BACKGROUND: Redo coronary artery bypass grafting (CABG) represents an high-risk surgical procedure, because of an increased incidence of perioperative death, myocardial infarction and stroke. Theoretically, the avoidance of cardiopulmonary bypass may reduce surgical traumatism and ameliorate early results. MATERIALS AND METHODS: From January 1995 to May 2001, we performed 123 redo CABGs, of which 53 (44%) off-pump. Off-pump procedure represented respectively 90% of redo CABG in the period 2000-2001 versus 30% in the 1995-1999 period. The mean age was 66.4 years, males were 39 (73%). The mean 2D-echo ejection fraction was 56% and in 9 cases (17%) was less than 40%. Three operations (5.6%) were performed on an urgent base. The access was median sternotomy in all cases. The mean number of grafts per patient was 1.9 (1.7 in the period 1995-99 vs. 2.3 in the period 2000-01, p=0.01). In 20 cases (38%) we grafted the circumflex artery branches (19% in the period 1995-99 vs. 55.5% in the period 2000-01, p=0.015). Improvements in surgical techniques were achieved over time. The current operative strategy includes the use of deep traction stitches in the posterior pericardium and wall stabilizers to expose target vessels, coronary intraluminal shunts during construction of the anastomoses and continuous trans-esophageal echocardiographic monitoring. Urgent conversion to on-pump procedure was not required in any case. RESULTS: We recorded no in-hospital death, one perioperative myocardial infarction (1.9%), one fifth postoperative day-stroke (1.9%) and 9 atrial fibrillations (17%). Mediastinal re-exploration for bleeding was performed in no one patient; 13 patients (24.5%) required postoperative blood transfusion. The mean length of postoperative stay was 7.5 days, ranging from 6 to 18 days. CONCLUSIONS: In our experience off-pump redo CABG is a safe and effective alternative to on-pump procedure and now off-pump is our first choice-technique in redo CABG. A complete revascularization is technically feasible with a low incidence of perioperative complications.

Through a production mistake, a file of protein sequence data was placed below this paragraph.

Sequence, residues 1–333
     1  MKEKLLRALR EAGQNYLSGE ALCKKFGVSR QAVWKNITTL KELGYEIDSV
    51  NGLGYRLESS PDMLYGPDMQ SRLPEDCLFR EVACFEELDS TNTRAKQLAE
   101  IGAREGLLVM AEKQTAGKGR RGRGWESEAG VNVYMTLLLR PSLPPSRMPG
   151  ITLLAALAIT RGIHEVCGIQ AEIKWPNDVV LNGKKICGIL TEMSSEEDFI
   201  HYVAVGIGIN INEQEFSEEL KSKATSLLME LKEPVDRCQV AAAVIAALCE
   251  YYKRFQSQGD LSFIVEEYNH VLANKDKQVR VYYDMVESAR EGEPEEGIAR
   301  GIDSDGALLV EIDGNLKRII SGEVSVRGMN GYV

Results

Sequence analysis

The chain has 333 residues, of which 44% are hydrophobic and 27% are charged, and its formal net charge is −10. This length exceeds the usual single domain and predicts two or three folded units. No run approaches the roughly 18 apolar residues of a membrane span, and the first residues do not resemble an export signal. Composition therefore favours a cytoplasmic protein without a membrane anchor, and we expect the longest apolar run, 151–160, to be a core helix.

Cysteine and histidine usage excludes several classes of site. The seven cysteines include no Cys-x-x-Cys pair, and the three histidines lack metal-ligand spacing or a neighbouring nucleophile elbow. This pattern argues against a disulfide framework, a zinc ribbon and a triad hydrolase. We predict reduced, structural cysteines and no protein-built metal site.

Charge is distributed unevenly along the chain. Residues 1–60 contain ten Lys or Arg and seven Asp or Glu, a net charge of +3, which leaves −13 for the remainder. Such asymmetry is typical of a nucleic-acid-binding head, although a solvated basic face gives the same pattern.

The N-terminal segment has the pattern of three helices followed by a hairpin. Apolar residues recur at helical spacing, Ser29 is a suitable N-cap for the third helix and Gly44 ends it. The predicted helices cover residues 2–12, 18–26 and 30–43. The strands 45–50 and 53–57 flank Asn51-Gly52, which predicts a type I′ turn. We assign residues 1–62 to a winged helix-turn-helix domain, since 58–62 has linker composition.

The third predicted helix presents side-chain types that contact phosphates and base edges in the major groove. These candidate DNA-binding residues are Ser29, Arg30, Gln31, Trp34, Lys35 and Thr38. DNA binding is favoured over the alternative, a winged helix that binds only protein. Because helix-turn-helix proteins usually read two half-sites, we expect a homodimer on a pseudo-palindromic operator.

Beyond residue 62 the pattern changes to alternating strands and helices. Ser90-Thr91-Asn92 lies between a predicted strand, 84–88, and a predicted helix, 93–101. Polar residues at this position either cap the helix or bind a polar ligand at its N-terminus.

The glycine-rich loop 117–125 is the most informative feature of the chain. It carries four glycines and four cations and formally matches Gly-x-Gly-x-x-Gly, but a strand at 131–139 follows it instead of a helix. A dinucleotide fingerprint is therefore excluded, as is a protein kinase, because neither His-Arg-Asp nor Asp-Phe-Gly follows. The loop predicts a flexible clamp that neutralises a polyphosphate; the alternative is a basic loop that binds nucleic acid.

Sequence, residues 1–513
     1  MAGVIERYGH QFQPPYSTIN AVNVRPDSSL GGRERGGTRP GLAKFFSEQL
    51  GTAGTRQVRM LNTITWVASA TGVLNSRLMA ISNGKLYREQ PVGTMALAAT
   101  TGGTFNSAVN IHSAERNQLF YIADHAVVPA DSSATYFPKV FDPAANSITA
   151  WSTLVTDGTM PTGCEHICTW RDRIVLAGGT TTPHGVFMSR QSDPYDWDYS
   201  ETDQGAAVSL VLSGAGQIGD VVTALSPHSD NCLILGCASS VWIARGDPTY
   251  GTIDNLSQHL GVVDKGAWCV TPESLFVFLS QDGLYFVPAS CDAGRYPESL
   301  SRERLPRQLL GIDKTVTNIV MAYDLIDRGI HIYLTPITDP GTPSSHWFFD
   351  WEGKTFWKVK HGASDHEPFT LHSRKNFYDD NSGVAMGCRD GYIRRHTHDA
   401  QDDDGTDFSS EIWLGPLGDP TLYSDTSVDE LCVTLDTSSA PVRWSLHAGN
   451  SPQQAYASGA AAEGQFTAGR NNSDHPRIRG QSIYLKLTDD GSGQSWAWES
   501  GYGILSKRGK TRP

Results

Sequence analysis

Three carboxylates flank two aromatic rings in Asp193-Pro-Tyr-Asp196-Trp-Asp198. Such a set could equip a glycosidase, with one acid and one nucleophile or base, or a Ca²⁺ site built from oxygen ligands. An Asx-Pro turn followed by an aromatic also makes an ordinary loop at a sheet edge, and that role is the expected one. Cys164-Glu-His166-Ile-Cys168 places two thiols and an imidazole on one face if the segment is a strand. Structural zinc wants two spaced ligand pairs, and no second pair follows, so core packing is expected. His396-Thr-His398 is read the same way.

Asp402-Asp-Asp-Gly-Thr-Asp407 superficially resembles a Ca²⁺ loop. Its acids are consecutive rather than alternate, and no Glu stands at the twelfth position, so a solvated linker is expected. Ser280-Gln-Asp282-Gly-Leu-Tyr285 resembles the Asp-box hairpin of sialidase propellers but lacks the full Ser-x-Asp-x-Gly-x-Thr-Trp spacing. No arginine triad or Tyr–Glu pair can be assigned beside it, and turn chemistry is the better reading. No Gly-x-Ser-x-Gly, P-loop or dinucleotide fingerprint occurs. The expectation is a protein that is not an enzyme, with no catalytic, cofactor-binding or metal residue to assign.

|Journal||The heart surgery forum|
|Volume||5 Suppl 4|
|Publication status||Published - 2002|